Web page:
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Ant-inspired density estimation via random walks

  1. Nancy A. Lyncha,1,2
  1. aComputer Science and Artificial Intelligence Laboratory, Massachusetts Institute of Technology, Cambridge, MA 02139
  1. Contributed by Nancy A. Lynch, August 14, 2017 (sent for review April 18, 2017; reviewed by Yehuda Afek, Ziv Bar-Joseph, and Amos Korman)


Highly complex distributed algorithms are ubiquitous in nature: from the behavior of social insect colonies and bird flocks, to cellular differentiation in embryonic development, to neural information processing. In our research, we study biological computation theoretically, combining a scientific perspective, which seeks to better understand the systems being studied, with an engineering perspective, which takes inspiration from these systems to improve algorithm design. In this work, we focus on the problem of population density estimation in ant colonies, demonstrating that extremely simple algorithms, similar to those used by ants, solve the problem with strong theoretical guarantees and have a number of interesting computational applications.


Many ant species use distributed population density estimation in applications ranging from quorum sensing, to task allocation, to appraisal of enemy colony strength. It has been shown that ants estimate local population density by tracking encounter rates: The higher the density, the more often the ants bump into each other. We study distributed density estimation from a theoretical perspective. We prove that a group of anonymous agents randomly walking on a grid are able to estimate their density within a small multiplicative error in few steps by measuring their rates of encounter with other agents. Despite dependencies inherent in the fact that nearby agents may collide repeatedly (and, worse, cannot recognize when this happens), our bound nearly matches what would be required to estimate density by independently sampling grid locations. From a biological perspective, our work helps shed light on how ants and other social insects can obtain relatively accurate density estimates via encounter rates. From a technical perspective, our analysis provides tools for understanding complex dependencies in the collision probabilities of multiple random walks. We bound the strength of these dependencies using local mixing properties of the underlying graph. Our results extend beyond the grid to more general graphs, and we discuss applications to size estimation for social networks, density estimation for robot swarms, and random walk-based sampling for sensor networks.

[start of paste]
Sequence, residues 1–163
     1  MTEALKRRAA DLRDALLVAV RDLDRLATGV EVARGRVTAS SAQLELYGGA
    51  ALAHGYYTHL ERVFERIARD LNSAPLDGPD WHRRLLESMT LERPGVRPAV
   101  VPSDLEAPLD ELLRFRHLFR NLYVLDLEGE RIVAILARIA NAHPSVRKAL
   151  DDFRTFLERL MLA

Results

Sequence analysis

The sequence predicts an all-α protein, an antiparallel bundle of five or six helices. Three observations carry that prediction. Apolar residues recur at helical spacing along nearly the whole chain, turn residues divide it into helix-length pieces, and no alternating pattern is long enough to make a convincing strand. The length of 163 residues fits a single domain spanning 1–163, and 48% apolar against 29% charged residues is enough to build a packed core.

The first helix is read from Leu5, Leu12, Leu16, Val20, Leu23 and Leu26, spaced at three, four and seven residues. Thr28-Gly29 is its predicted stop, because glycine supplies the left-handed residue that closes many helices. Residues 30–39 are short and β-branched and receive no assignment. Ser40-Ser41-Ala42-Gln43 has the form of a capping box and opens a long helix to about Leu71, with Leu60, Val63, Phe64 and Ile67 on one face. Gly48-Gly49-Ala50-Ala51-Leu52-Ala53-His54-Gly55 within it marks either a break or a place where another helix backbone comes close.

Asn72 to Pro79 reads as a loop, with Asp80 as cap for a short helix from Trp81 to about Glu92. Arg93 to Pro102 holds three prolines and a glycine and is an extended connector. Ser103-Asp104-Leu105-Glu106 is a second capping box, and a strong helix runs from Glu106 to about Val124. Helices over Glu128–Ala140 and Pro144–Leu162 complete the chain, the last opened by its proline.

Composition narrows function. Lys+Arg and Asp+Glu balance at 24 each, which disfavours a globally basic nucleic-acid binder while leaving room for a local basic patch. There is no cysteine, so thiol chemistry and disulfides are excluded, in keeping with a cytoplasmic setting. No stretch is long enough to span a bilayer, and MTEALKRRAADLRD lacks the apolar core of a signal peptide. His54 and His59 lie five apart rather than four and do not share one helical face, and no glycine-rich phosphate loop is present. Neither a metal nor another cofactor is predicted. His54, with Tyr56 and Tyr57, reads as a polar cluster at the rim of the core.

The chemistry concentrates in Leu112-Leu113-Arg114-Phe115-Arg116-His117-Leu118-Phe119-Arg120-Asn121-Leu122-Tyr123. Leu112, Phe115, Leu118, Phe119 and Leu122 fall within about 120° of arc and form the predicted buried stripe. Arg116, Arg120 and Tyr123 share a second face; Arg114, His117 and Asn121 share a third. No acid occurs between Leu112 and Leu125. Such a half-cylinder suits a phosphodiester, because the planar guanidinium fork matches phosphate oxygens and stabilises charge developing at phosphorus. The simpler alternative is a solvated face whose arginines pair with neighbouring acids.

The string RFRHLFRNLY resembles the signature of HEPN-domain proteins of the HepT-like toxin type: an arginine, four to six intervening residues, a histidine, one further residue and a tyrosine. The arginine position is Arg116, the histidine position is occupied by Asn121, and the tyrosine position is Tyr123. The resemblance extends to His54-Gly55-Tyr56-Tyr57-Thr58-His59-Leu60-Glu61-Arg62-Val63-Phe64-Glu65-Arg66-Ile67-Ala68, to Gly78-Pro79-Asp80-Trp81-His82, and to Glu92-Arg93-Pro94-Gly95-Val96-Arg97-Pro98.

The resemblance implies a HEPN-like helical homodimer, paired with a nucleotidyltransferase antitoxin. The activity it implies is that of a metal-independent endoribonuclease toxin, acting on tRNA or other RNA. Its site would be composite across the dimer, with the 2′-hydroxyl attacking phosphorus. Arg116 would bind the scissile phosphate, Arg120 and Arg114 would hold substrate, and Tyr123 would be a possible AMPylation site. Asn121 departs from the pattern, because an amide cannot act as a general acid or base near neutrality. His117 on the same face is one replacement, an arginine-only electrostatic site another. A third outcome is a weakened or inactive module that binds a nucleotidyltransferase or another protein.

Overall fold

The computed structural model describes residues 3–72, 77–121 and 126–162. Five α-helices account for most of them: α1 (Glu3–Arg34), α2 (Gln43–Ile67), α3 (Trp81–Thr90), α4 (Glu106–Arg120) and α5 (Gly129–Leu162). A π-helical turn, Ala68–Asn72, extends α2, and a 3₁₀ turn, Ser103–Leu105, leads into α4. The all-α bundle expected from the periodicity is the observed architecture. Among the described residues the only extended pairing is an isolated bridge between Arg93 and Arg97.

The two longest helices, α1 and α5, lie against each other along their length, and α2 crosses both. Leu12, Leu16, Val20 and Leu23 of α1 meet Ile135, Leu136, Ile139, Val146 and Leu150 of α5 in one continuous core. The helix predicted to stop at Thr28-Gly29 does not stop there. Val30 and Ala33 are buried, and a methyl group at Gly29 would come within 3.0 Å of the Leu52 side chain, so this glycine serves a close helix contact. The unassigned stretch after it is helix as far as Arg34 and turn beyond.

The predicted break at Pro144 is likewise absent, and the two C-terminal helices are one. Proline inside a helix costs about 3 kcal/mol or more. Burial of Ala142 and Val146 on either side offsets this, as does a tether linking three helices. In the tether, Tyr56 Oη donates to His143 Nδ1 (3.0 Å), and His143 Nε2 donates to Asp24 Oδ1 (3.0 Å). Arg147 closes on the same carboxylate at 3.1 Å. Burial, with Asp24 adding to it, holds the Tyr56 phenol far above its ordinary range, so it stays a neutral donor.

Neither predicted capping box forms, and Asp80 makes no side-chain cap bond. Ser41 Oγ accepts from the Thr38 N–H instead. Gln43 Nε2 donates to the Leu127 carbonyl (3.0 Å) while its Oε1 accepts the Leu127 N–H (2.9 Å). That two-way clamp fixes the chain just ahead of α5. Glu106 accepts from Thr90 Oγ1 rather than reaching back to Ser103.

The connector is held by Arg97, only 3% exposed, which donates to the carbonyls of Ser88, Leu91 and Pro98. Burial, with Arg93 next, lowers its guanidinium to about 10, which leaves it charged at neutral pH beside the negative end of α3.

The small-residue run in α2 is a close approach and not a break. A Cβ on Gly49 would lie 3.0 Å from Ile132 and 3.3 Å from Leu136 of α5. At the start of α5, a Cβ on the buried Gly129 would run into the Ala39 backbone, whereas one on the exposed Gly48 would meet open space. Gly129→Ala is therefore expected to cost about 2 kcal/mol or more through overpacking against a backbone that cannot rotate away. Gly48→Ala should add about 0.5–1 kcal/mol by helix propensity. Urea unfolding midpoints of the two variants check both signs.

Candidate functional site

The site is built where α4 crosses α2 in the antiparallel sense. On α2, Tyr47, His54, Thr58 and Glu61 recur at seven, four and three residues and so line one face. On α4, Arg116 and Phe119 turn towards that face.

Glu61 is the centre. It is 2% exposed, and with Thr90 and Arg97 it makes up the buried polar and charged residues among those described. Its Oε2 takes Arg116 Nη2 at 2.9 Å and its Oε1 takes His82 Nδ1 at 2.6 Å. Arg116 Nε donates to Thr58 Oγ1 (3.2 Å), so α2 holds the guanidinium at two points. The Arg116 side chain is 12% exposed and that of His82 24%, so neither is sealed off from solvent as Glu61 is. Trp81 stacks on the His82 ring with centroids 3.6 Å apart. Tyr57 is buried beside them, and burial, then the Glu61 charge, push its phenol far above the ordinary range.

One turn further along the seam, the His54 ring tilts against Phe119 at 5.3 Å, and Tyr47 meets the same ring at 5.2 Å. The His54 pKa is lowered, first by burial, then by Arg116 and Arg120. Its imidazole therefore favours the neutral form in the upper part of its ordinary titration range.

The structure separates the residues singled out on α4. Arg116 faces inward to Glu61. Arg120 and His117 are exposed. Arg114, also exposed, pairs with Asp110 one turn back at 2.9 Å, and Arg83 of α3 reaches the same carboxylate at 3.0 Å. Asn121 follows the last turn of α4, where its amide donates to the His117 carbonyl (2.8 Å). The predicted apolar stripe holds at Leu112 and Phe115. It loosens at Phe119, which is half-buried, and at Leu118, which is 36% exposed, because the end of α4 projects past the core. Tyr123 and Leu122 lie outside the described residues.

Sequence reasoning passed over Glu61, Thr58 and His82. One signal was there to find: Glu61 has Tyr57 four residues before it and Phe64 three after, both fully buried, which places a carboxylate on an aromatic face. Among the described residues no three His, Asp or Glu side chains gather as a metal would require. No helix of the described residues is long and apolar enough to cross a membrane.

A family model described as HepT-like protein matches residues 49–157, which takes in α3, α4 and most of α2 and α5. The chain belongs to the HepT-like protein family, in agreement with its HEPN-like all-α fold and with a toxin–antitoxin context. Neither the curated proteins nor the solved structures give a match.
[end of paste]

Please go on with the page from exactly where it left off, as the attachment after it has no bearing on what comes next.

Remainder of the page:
• ?1C.M., H.S., and N.L. contributed equally to this work.

  • ?2To whom correspondence should be addressed. Email: lynch{at}csail.mit.edu.
  • This contribution is part of the special series of Inaugural Articles by members of the National Academy of Sciences elected in 2016.

  • An extended abstract of this work has been previously published (1).

  • Author contributions: C.M., H.-H.S., and N.A.L. designed research; C.M., H.-H.S., and N.A.L. performed research; C.M. and H.-H.S. contributed new reagents/analytic tools; and C.M., H.-H.S., and N.A.L. wrote the paper.

  • Reviewers: Y.A., Tel-Aviv University; Z.B.-J., Carnegie Mellon University; and A.K., French National Center for Scientific Research.

  • The authors declare no conflict of interest.

  • See QnAs on page 10512.

  • This article contains supporting information online at www.danielhellerman.com/lookup/suppl/doi:10.1073/pnas.1706439114/-/DCSupplemental.

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